Webtoons aim to draw in more overseas readers
But the recent webtoon boom in the country shows this is no longer the case, with experts saying that Korean net cartoons are sure to become bigger hits worldwide. During the first World Webtoon Forum held last year, Didier Borg, the CEO of French online comic website Delitoon, even announced that “webtoons will replace manga.”
The origin of the webtoon goes back to 2003 when major Korean search engine Daum (now DaumKakao) decided to serially publish the work of celebrity cartoonists Yoon Tae-ho and Kang Full. Its rival Naver jumped on the bandwagon in 2005, launching its own service under the name Naver Webtoon.
At the time, webtoons were not made with profit in mind, so the content was provided for free. But their financial potential came to light in 2006 when Kang Full’s “Apartment” became the first online comic to be adapted into a movie.
Along with the movie business, TV dramas, plays and other byproducts of the market have benefitted from using webtoons’ content and characters. One of the best examples is Kang’s “Late Blossom,” which was adapted into a film, play and TV drama.
This period of adaptations defined the first heyday of webtoons, but the industry’s pinnacle is yet to come.
Webtoons mainly differ from original comic books in the way they are formatted for reading online - from flipping through pages to scrolling up and down. Non-Korean readers say that seeing one panel at a time instead of a whole page is an especially appealing concept.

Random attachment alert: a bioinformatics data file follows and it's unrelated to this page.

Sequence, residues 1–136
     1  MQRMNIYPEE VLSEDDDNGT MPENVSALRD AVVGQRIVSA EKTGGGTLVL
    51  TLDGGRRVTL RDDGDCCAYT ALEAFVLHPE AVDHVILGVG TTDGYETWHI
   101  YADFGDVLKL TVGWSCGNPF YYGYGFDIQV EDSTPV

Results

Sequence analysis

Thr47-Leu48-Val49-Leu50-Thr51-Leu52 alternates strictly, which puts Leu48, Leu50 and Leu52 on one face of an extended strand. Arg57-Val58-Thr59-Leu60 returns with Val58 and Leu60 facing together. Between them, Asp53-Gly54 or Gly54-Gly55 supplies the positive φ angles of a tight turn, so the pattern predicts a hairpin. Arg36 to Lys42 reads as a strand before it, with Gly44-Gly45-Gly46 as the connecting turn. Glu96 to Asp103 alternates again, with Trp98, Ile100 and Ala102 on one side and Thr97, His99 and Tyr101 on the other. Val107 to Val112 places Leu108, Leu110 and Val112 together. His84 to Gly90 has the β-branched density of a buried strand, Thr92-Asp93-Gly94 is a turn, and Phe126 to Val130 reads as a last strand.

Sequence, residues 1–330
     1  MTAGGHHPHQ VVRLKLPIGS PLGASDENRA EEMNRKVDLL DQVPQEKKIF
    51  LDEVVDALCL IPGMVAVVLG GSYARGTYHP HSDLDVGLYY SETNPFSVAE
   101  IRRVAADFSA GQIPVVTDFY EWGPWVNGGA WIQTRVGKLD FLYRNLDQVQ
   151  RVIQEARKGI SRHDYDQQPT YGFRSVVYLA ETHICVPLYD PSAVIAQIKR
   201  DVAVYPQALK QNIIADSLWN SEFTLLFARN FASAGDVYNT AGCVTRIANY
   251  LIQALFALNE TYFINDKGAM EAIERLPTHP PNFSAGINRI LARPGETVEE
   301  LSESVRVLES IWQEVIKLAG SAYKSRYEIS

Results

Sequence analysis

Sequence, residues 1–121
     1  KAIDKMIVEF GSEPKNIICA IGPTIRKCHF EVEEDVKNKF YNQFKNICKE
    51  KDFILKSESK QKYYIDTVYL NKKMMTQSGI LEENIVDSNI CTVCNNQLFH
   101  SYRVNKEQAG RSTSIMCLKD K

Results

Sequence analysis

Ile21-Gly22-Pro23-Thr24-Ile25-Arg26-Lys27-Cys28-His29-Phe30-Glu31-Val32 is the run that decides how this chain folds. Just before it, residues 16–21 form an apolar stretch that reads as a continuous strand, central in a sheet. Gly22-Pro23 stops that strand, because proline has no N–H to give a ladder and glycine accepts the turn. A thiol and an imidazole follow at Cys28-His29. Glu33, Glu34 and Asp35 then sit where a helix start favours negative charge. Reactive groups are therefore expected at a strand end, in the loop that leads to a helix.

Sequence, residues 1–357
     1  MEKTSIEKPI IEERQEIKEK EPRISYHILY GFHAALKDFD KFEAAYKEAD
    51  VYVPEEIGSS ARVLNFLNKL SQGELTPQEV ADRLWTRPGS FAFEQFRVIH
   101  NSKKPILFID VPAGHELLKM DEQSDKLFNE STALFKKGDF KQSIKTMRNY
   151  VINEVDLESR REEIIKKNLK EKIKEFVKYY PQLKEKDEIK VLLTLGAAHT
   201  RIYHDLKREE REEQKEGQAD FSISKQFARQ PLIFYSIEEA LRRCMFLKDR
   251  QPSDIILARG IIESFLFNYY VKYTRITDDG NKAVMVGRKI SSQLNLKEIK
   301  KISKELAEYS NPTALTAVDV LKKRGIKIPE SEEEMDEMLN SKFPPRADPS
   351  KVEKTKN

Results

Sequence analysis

Responding to the increasing international demand for webtoons, DaumKakao recently joined hands with Marvel Entertainment to publish “Avengers: Electric Rain,” which reflects Marvel’s superhero stories but is drawn in a Korean style by cartoonist Ko Young-hoon.
The company will have to wait and see whether the collaboration is a success or not, but the cooperation itself is meaningful.
“Collaborating with a world-famous content provider was a new challenge by itself and it will be a stepping-stone for domestic artists to advance onto a global stage,” said Park Jeong-seo, an official from the webtoon service department at DaumKakao.
Last July, Naver launched its global Internet comic service, Line Webtoon. The giant search engine, which already owns a large number of good-quality webtoons, decided to translate those into three languages - English, Chinese and Taiwanese - as well as present the work of foreign cartoonists on the site.
The company explains that its main driving engine so far is an online program called Challenge League, which amateur and professional cartoonists can upload their work to and receive feedback from readers. The artists who qualify can win slots on the portal to publish work regularly. Currently, 80 percent of the artists at Naver Webtoon were discovered through Challenge League.
Its global brand Line Webtoon provides the same program. About 1,200 English webtoons and 500 Chinese webtoons are available through the service.
“Expanding the number of creators as well as the customers, thus expanding the size of the market, will lead to a sound ecosystem in the business,” explained a company official.
The success of U.S-based webtoon distributor Tapastic, owned by Tapas Media, proves how popular webtoons are in the United States. The start-up, which was founded in California’s Silicon Valley in 2002, has more than 7,000 webtoons created by some 4,000 artists. DaumKakao is one of the content providers for the site as it invested $2 million in it last year.
With the overseas market expanding, considering cultural characteristics has become a mandatory part of planning a webtoon. What kind of characters appeal to Western readers and whether or not there any specific cultural taboos that should be avoided are some of the questions that the company and its artists have to consider when building their stories.